Active mutual funds can’t measure up to indexes — again

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The trouble with news reporting is that when something is no longer new, it’s no longer news.

That means we don’t hear about it.

I haven’t seen a single report, for instance, pointing out that the number of deaths due to COVID-19 is similar to the number of deaths due to smoking over the same period. According to Google News, 1,006,566 Americans had died from the virus since it was first reported in January 2020, some 29 months ago.

Yet, according to the Centers for Disease Control and Prevention, about 480,000 Americans die each year as a result of smoking. Over a two-year period that would be 960,000. And if we added the additional 200,000 who would have died between January and May, the deaths due to smoking would total 1,160,000.

One cause of death, however, is new. The other is really old.

This kind of unbalanced reporting isn’t limited to health. It’s pretty much universal. A recent case in the world of investing is the publication of the semiannual SPIVA report.

Oh, you missed it?

That’s no surprise. It was barely noted in the press.

Yet this report, now with 20 years of data, tells us something that every investor should know. The Standard and Poor’s Index Versus Active report assiduously examines the proportion of actively managed mutual funds that have managed to beat the index by which they are measured.

The report has found, year after year, that the majority of managed mutual funds — you know, the ones with extremely well-paid managers who like to claim profound skill and deep insight — fail to beat the index that describes the area in which their fund invests.

We’re not talking a coin toss here. We’re talking wipe-out.

The most recent report tells us that the darlings of recent years, the growth fund managers, utterly failed to beat the S&P 500 Growth index in 2021. By utterly, I mean 98.6% of them.

That should tell us something.

Worse, the longer the investment period, the greater the failure rate. While only 72% of all domestic managed equity funds underperformed the S&P 1500 Composite index over the past three years, 86% failed over 10 years and 90% failed over 20 years. The fail rate for international funds is almost as bad. Ditto, fixed-income funds.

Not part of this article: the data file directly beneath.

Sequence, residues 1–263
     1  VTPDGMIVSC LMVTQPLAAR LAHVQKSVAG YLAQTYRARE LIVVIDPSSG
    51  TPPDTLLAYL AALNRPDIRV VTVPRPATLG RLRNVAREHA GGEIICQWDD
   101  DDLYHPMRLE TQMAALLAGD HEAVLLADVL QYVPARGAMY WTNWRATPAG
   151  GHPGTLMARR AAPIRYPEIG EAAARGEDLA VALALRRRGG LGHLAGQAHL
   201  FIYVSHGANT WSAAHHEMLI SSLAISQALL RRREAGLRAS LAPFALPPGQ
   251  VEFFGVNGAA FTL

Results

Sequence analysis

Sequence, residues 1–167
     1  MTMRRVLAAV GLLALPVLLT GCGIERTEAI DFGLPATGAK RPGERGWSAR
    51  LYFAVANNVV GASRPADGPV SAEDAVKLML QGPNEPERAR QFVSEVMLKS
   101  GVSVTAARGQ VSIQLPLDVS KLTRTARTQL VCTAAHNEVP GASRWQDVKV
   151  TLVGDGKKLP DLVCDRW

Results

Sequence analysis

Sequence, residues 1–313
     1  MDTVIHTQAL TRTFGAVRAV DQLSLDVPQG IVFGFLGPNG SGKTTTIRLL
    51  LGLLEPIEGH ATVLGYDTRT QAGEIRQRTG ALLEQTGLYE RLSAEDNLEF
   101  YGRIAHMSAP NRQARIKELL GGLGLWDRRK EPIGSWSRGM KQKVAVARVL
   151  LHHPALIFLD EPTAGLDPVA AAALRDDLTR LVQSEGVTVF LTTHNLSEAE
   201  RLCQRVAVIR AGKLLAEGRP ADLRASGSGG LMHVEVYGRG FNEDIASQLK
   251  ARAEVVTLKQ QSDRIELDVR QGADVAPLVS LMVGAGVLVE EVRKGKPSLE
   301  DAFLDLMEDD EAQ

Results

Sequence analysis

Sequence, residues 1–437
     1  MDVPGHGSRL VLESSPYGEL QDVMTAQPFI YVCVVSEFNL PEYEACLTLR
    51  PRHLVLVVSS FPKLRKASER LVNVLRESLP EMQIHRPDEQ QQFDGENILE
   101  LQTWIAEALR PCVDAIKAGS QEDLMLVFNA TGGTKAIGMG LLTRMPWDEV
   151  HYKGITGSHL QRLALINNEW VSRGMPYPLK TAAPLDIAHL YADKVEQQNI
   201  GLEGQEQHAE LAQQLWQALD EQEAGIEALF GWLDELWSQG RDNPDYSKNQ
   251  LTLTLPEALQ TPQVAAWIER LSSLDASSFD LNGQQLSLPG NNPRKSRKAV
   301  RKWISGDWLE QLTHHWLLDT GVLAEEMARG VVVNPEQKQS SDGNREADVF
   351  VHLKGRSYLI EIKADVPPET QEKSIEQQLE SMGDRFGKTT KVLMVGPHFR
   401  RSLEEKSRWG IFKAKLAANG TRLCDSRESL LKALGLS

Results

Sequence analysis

As a result, our tendency to put a high value on recent figures can lead us to believe that management has a shot at earning its keep. It’s a very bad bet. Only 38.46% of large-cap value funds, for instance, underperformed their index in 2021. But over the past 10 years, 89% failed. Similarly, while only 9.4% of investment-grade long-term bond funds failed to beat their index in 2021, a whopping 98% failed over the past 10 years.

The single largest reason that managed funds show up so poorly in the SPIVA studies is something called “survivor bias.” While services like Morningstar routinely rank funds that still exist, those figures ignore the number of funds that existed three, five or 10 years ago but have been quietly merged with another fund or simply buried in an unmarked grave.

The report notes, for instance, that about 5% of funds in all categories “were merged or liquidated” in 2021. The fatality rate is much higher over longer periods. Nearly 70% of all domestic equity funds and 66% of all international funds disappeared over the past 20 years. And, yes, it’s pretty much the same for fixed-income funds. It’s also important to note that the past 20 years wasn’t exactly smooth sailing. Yet “buy and hold” beat the fancy folks.

One implication in these figures is that most index funds are actually beating more managed funds than indicated in their Morningstar reports. Vanguard Total Stock Market Index ETF, for instance, ranked at the 26th percentile over the 10 years ending March 31, according to Morningstar. But only 62% of large-cap or all domestic funds survived over the period. Adjusting for survivor bias, Vanguard Total Stock Market Index ETF was actually in the top 16%, beating 84% of the competition that started the 10-year period.

This doesn’t mean, by the way, that you should ignore Morningstar reports. They are sliced bread for you and me. It just means that if index funds look good in those reports, which they almost always do, you can be certain that their actual performance against managed choices is even better.

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